United States v. Holloway, No. 18-4083 (10th Cir. 2019)Annotate this Case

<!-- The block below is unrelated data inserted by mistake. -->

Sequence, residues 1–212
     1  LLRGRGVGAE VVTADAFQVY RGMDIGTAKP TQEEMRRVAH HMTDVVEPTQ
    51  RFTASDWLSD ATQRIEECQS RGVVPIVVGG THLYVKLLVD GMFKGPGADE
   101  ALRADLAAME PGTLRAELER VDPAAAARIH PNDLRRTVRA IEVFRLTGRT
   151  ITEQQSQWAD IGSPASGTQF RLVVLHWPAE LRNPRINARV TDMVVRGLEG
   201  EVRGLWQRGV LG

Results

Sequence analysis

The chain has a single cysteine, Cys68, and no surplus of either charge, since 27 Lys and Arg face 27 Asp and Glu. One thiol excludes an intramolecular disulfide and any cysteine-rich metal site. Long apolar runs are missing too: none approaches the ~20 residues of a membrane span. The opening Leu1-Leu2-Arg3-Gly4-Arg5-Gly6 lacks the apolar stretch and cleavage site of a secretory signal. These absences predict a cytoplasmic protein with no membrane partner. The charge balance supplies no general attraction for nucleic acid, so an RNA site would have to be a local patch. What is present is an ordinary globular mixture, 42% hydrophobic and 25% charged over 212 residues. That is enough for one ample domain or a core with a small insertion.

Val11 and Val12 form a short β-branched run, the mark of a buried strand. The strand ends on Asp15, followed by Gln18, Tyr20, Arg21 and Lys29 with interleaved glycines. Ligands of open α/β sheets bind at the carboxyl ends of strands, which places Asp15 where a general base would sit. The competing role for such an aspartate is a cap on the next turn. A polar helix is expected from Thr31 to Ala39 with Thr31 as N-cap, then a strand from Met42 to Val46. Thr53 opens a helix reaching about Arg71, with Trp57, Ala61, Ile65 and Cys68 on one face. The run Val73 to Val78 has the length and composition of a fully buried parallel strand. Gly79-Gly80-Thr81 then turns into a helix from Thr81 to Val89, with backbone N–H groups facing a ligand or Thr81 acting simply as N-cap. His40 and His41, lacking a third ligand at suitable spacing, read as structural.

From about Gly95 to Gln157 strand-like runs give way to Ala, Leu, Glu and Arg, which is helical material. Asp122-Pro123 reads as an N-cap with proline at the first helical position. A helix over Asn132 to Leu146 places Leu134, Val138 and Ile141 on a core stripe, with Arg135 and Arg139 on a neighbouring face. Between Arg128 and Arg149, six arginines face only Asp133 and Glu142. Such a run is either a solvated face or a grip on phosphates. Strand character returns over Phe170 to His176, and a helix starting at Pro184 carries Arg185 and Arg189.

Robert Holloway was convicted by jury of four counts of wire fraud, and one count of submitting a false tax return. Holloway was the president and CEO of US Ventures, a company that traded in the futures market. Holloway told investors he had developed a special algorithm that allowed him to trade without losses. He claimed that because of the algorithm he “could trade the markets and make money whether the market went up or the market went down.” Holloway’s grandiose claims were false, and revealed to be a Ponzi scheme. The district court sentenced Holloway to 225 months’ imprisonment, after applying a six-level enhancement for crimes involving 250 or more victims under U.S.S.G. 2B1.1(b)(2)(C) (2014). After unsuccessfully challenging his conviction and sentence on direct appeal, Holloway filed a 28 U.S.C. 2255 motion, arguing: (1) a total breakdown of communication between Holloway and his trial counsel caused his trial counsel to perform ineffectively; (2) his trial counsel acted ineffectively by failing to argue that the evidence did not support the district court’s application of the six-level sentencing enhancement; and (3) the prosecution violated his due process rights by failing to turn over to the defense favorable information possessed by a prosecution witness contrary to Brady v. Maryland, 373 U.S. 83 (1963). The district court denied Holloway’s 2255 motion, but granted a certificate of appealability on all three issues. Finding no reversible error, the Tenth Circuit affirmed the district court judgment.